On your journey, you’ll experience doctors, family, friends, strangers, colleagues and sometimes pets (kidding) who say really unhelpful things and don’t get what mental distress feels like.
Others will be amazing.
The unhelpful ones are those who give the worst advice, or judge you when you’re feeling worse than shitty.
Firstly, it hurts. Words hurt. You’re vulnerable and ashamed and afraid. You need love, compassion, support and sometimes medication or a bed to sleep in at a loving friend.
The technique I’ve developed is simple. Firstly, I swear quietly at them in my head. Or about the situation. Then I smile and try and say nothing to conserve my energy and avoid a debate.
Remember two things. No one is allowed to tell you right now that everything happens for a reason. They’re also only allowed to give advice with permission, or a background of their own experience. And a hug. Maybe lots of hugs.
And… memes to lighten up a heavy topic.
When the doctor tells you he won’t give you medication, and recommends meditation:
When someone judges the fact you are taking psychiatric medication for your mental wellness:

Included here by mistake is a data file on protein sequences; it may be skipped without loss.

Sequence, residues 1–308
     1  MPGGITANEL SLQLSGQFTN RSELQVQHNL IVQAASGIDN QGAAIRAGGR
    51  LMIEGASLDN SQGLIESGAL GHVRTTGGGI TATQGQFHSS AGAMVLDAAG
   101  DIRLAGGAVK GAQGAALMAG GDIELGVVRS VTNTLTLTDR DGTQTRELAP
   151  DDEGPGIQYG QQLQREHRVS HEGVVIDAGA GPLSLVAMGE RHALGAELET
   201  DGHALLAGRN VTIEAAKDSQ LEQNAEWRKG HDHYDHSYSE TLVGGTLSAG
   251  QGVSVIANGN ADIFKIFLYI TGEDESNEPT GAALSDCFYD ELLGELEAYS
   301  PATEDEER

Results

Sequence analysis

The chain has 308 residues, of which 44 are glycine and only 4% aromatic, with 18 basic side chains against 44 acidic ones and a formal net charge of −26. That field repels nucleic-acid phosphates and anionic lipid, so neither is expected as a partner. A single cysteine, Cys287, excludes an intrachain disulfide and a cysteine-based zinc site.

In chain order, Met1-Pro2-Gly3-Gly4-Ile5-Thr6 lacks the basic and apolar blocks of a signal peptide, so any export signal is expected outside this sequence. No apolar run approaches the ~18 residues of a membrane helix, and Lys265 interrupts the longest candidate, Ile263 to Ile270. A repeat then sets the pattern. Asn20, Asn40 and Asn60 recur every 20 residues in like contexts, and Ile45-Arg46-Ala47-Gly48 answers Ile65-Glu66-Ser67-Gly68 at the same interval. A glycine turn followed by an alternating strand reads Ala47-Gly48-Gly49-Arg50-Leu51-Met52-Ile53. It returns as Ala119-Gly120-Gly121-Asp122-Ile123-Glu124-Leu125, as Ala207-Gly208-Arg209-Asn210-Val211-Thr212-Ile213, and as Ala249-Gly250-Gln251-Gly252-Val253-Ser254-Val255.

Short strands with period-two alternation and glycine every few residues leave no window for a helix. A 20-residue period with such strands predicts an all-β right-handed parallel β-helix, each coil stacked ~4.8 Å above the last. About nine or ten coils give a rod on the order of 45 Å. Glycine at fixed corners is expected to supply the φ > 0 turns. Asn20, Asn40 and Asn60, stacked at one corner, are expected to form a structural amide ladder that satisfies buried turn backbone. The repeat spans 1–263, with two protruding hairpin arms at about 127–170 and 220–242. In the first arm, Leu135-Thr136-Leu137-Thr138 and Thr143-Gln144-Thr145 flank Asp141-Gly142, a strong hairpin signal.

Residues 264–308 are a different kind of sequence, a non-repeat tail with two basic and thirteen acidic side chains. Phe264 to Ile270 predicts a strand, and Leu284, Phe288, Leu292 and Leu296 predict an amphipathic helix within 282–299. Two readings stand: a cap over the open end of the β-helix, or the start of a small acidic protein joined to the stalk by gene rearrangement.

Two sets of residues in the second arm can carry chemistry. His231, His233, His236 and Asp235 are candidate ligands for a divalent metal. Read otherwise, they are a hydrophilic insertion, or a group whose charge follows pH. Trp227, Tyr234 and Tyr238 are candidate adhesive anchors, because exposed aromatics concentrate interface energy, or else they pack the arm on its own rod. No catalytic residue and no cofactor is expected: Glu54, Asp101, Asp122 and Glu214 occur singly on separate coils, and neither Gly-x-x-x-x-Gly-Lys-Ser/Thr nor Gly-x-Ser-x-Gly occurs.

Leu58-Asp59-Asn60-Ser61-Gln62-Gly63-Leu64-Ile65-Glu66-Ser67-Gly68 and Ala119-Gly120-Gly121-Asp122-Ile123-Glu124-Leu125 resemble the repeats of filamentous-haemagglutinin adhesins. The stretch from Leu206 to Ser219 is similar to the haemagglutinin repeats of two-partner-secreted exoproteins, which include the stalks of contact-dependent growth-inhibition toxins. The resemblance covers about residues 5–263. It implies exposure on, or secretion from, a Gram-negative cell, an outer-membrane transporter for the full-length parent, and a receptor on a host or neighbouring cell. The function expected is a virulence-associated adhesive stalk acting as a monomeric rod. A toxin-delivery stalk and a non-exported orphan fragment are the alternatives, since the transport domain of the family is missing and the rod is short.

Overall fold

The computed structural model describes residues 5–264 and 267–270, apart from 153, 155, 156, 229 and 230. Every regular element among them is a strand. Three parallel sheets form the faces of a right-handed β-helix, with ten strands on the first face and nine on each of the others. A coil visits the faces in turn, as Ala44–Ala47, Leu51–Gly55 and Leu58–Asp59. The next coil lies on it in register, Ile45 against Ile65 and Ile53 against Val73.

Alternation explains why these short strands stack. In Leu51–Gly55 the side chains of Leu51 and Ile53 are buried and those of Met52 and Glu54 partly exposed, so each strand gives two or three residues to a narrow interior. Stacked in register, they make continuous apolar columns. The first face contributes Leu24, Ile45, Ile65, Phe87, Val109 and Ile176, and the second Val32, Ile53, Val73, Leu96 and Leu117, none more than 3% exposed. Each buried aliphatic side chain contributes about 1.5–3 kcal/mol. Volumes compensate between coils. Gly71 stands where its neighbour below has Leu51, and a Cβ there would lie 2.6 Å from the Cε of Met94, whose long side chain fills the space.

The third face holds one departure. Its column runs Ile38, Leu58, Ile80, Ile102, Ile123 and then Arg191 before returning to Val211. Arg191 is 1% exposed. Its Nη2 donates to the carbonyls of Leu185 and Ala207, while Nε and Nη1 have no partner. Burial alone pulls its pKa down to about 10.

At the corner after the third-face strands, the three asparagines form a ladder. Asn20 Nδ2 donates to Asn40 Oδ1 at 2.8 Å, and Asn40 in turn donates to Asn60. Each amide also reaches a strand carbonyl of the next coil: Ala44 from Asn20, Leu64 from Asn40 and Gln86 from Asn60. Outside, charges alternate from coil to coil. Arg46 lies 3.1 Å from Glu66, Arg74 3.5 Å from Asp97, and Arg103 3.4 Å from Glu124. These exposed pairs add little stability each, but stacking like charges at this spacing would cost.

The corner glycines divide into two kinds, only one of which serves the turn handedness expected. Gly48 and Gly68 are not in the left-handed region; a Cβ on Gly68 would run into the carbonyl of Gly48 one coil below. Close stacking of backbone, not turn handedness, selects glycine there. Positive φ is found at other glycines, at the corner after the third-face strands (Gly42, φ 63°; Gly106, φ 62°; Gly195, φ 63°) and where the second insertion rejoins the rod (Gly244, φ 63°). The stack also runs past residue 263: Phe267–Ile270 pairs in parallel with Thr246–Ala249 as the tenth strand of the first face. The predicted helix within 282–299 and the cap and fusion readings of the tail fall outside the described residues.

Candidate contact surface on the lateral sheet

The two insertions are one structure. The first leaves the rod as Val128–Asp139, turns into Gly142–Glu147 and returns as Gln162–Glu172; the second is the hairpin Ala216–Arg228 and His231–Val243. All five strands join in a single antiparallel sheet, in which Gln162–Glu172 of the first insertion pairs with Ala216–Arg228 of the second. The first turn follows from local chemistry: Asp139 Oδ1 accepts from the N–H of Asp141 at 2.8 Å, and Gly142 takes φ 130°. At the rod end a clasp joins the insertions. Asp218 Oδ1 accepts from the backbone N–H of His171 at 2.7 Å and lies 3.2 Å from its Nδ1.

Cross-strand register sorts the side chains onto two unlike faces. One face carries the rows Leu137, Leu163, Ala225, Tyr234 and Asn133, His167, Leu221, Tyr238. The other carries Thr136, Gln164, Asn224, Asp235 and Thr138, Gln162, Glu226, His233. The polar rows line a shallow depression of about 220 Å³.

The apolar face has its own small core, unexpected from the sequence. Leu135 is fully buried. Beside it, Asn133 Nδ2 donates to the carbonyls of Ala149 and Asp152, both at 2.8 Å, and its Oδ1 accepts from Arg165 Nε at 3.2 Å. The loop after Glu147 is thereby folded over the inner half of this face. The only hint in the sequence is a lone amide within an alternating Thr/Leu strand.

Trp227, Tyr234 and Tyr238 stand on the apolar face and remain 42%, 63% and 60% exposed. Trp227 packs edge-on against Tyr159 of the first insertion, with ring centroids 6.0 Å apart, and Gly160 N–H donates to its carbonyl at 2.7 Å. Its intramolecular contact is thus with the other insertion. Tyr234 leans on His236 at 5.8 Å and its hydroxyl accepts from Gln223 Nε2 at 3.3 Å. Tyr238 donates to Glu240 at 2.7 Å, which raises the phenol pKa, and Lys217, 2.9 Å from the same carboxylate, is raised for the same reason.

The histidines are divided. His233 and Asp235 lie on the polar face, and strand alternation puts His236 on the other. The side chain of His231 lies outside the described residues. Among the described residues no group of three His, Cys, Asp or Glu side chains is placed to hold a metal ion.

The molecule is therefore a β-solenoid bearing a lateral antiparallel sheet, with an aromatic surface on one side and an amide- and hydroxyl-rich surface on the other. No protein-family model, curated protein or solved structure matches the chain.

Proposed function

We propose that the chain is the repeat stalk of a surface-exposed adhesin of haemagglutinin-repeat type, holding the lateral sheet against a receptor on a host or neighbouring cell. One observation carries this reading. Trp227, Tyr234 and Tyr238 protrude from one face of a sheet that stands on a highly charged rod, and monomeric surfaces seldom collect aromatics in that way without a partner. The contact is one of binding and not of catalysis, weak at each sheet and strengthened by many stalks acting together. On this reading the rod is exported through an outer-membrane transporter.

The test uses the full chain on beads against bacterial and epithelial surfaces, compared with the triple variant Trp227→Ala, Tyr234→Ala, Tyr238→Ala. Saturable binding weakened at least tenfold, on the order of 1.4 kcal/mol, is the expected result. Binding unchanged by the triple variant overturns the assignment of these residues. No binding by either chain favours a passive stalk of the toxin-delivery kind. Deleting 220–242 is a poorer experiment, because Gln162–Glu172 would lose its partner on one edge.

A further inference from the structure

People who imply you can cure this with enough effort:
One thing I’ve learnt is to feel angry, but not hold on to it, because bitterness and resentment screw up your healing process. I have learnt to hold compassion for ignorance, forgiveness for those who try hard but do it all wrong and sometimes just faking it to make it. Except when people have told me it is all in the mind, and sometimes suggested I take serious detoxes or loads of pot and other drugs to sort myself out.
Thankfully, times are changing and we are blessed to live in an era (espeically the UK) where mental health and so many shame-associated topics are now getting money and media coverage. I count my blessings with this, and look forward to the day when my kids (who will hopefully not have the same issues as me!) discuss problems in the same way they would discuss sport.